Amherstview Jets general manager and coach Denis Duchesne liked what he saw from his team's reinforced lineup after it was put through a solid test in a pair of weekend Provincial Junior Hockey League games. The Jets, who are set to finish fourth in the Tod Division, matched up against the second-place Port Hope Panthers and third-place Picton Pirates with a roster bolstered by a trio of new players.
The Amherstview Jets, with their post-season participation even more solidified after a pair of wins this past weekend, are taking aim at a couple of other targets with their Provincial Junior Hockey League schedule having entered its final quarter. The Tod Division fourth-place Jets, with nine games remaining in their 40-game season, went 2-1 during the past week of games to leave them a secure 19 points ahead of the fifth-place Gananoque Islanders.
It was pretty well an average game for the first-place Toronto Aeros as they downed the Kingston Jr. Ice Wolves 3-1 in Provincial Women's Hockey League play on Sunday afternoon in Toronto. Entering the game, the Aeros had scored an average of 3.31 goals per game while giving up 1.27. So, a 3-1 score was right in their wheelhouse. The Aeros, after a scoreless first period, got a short-handed goal from Gabrielle Underwood three minutes into the second frame.
Muck Rack makes it simple to find people, tweets, or articles that mention any name, keyword, company, hashtag etc. We've compiled this guide to help you make the most of your search.
Selecting a term
Start searching tweets, articles from media outlets, articles mentioned in tweets, journalists'
names, titles and bios with some suggested searches:
Companies or Topics (e.g. iPhone, Microsoft)
Phrases (e.g. "cloud computing") — use quotes to keep the terms together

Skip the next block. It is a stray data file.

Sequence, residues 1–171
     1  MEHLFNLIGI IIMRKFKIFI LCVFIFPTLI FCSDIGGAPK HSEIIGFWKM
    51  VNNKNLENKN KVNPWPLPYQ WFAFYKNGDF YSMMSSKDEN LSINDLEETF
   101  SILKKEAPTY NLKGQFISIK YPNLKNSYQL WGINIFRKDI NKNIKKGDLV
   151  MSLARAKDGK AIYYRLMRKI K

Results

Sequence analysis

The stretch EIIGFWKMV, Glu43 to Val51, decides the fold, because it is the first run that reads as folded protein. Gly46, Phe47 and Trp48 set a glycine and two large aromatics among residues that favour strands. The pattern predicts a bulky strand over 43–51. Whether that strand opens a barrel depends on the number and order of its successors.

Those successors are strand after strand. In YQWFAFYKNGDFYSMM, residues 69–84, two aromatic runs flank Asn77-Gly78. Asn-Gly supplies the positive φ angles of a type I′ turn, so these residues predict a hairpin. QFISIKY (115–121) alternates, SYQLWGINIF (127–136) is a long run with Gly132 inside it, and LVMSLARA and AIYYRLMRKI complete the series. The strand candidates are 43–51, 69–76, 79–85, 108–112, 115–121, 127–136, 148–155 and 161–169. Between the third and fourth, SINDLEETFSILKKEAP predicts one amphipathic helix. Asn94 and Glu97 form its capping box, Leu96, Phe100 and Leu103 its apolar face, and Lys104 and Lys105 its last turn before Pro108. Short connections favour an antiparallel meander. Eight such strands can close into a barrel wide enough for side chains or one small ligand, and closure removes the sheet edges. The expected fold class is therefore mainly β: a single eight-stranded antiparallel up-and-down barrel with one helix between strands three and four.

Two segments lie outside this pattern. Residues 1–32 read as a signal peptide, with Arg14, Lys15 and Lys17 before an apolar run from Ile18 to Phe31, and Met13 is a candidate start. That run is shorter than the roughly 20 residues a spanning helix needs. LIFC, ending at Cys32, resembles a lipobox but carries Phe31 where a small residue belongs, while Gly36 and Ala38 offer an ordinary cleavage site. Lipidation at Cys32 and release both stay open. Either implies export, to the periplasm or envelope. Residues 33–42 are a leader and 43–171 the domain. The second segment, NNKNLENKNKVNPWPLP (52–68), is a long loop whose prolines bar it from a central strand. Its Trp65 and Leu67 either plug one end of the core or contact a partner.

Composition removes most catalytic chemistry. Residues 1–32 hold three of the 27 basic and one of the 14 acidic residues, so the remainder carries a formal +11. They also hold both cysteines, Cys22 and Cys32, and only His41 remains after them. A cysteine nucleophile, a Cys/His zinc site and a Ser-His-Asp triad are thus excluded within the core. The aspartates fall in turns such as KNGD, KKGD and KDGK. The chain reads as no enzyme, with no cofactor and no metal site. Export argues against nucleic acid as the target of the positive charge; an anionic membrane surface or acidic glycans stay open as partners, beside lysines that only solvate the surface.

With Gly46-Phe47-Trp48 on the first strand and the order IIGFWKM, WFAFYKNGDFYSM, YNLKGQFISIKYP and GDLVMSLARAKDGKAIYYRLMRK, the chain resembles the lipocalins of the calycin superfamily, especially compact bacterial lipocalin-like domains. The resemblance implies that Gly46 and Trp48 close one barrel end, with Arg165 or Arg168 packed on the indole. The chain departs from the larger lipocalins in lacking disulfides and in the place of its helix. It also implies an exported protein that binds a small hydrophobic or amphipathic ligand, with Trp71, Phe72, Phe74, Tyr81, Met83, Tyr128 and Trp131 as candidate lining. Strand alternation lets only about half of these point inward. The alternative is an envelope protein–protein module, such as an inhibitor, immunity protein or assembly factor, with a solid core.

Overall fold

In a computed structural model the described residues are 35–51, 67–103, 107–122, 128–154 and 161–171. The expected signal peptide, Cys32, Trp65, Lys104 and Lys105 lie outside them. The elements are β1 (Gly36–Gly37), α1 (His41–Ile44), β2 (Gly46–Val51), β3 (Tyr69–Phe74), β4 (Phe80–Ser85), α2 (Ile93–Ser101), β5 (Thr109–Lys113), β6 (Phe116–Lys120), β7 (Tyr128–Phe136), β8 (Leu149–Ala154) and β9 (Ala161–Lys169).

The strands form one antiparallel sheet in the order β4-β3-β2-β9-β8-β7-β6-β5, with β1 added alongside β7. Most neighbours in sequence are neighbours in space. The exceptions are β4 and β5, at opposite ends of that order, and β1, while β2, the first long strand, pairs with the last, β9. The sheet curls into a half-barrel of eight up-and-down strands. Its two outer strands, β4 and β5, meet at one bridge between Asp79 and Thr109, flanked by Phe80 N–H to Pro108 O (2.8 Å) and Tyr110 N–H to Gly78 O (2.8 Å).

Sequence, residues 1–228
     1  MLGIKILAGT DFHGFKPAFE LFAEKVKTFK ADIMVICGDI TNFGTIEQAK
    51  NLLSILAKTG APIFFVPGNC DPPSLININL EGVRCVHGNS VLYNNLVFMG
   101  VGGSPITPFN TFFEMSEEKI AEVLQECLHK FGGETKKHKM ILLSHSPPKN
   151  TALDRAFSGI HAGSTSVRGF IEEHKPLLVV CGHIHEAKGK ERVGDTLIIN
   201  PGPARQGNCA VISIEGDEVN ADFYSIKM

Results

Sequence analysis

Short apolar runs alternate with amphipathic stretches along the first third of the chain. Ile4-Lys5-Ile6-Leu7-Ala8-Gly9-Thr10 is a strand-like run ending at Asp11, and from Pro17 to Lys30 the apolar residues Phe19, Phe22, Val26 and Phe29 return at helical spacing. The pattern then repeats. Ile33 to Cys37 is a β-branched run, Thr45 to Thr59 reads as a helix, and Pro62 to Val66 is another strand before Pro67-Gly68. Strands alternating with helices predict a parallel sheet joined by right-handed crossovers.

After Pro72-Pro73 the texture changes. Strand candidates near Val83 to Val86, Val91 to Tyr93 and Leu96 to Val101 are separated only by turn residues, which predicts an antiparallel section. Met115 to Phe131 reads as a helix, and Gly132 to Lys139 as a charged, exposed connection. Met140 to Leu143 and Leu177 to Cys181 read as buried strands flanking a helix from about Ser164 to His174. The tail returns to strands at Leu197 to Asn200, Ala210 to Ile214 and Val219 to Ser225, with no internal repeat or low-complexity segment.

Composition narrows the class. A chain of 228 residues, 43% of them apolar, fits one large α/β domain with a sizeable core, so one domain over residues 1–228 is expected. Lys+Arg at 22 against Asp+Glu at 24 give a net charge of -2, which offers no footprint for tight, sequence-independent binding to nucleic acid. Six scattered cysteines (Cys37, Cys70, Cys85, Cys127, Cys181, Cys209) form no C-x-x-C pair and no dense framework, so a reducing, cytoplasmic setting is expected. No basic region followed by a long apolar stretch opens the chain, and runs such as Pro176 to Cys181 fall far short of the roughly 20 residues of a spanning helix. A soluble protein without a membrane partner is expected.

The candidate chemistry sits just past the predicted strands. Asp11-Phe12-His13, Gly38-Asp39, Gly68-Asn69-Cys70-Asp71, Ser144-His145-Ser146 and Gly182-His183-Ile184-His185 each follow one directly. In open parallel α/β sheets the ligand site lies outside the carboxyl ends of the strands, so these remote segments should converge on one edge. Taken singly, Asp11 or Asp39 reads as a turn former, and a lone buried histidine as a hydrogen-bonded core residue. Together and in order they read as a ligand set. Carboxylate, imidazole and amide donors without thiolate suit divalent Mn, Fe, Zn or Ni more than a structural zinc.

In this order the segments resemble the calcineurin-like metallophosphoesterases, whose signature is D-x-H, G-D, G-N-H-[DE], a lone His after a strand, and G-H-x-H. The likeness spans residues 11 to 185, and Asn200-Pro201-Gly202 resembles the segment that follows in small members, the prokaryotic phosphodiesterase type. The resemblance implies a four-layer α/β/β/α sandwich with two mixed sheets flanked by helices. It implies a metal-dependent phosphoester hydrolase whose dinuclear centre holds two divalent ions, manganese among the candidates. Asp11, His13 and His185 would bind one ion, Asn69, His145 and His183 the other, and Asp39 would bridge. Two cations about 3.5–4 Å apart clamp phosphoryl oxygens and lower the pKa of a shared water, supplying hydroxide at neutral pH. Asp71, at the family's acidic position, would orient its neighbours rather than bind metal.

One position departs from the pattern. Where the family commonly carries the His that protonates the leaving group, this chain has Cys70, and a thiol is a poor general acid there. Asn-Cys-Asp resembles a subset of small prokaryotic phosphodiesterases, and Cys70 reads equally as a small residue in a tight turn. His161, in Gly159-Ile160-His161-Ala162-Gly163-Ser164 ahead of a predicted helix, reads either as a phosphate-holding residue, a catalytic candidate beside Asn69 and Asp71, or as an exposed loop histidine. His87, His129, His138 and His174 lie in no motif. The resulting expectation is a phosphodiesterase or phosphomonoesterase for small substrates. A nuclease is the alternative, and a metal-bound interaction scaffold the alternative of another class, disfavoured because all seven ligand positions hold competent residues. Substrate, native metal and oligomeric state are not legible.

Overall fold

Twitter handles (e.g. @username) — returns those who have mentioned or replied to
Names (e.g. "David Pogue")
Hashtags (e.g. #sxsw, #london2012)
Bio details (e.g. vegan, Olympics, father)
Muck Rack's Advanced Search allows for many boolean operators.
Find results that mention multiple specified terms, use AND or
+. For example, ensure each result contains both Elon Musk and Mark Zuckerberg by
searching Musk AND Zuckerberg or Musk + Zuckerberg.
Use the operators OR or , to broaden your search when you'd like either of
multiple terms to appear in results. (This is the default behavior of our search when no operators
are used). For example, results will contain either cake or cookie by searching cake OR cookie or cake,cookie
Use NOT or - to subtract results from your search. For
example, searching Disney will yield results about the Walt Disney Company as well as Walt Disney
World Resort. To exclude mentions of Disney World, search for Disney -World or Disney
When using one of these operators with a phrase, enclose it in quotation marks. For example, you can
find results about smartphones excluding Apple's iPhone 4S by searching smartphone -"iPhone
Exact case matching or punctuation
If you're searching for a brand name or keyword that relies on specific punctuation marks or capitalization, you can
find results that match your exact query by adding matchcase: before the keyword you're searching for, like matchcase:E*TRADE .
Use parentheses to separate multiple
boolean phrases. For example, to find journalists talking about having fun in Disney World or
Disneyland, search for ("disney world" OR disneyland) AND fun.
An asterisk can be used to search for any variation of a root word truncated by the asterisk. For example, searching for admin* will return results for administrator, administration, administer, administered, etc.
A near operator is an AND operator where you can control the distance between the words. You can vary the distance the near operation uses by adding a forward slash and number (between 0-99) such as strawberries NEAR/10 "whipped cream", which means the strawberries must exist within 10 words of "whipped cream".